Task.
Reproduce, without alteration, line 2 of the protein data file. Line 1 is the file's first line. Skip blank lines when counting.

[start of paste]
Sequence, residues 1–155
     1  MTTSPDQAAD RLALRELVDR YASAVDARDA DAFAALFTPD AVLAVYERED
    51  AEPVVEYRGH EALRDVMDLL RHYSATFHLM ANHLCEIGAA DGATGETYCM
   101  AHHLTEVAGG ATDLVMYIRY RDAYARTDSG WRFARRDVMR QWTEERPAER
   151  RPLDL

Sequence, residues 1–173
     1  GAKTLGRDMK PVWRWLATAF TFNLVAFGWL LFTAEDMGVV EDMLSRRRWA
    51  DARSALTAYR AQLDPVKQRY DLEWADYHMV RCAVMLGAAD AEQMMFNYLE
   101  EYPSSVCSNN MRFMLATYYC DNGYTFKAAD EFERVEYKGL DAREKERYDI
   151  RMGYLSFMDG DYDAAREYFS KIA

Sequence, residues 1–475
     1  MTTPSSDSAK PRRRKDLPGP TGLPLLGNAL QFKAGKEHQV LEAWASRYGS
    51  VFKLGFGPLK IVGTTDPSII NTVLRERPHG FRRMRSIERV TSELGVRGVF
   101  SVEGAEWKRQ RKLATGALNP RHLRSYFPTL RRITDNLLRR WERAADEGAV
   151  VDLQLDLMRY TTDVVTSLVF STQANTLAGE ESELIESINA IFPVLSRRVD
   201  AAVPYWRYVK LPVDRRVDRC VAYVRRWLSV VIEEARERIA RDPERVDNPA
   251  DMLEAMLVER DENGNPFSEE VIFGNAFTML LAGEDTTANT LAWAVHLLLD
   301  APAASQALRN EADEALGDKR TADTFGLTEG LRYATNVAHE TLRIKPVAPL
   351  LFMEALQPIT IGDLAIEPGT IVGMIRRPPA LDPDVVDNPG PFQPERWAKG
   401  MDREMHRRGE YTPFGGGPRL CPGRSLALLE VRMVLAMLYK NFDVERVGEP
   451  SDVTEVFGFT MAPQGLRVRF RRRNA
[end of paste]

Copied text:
     1  MTTSPDQAAD RLALRELVDR YASAVDARDA DAFAALFTPD AVLAVYERED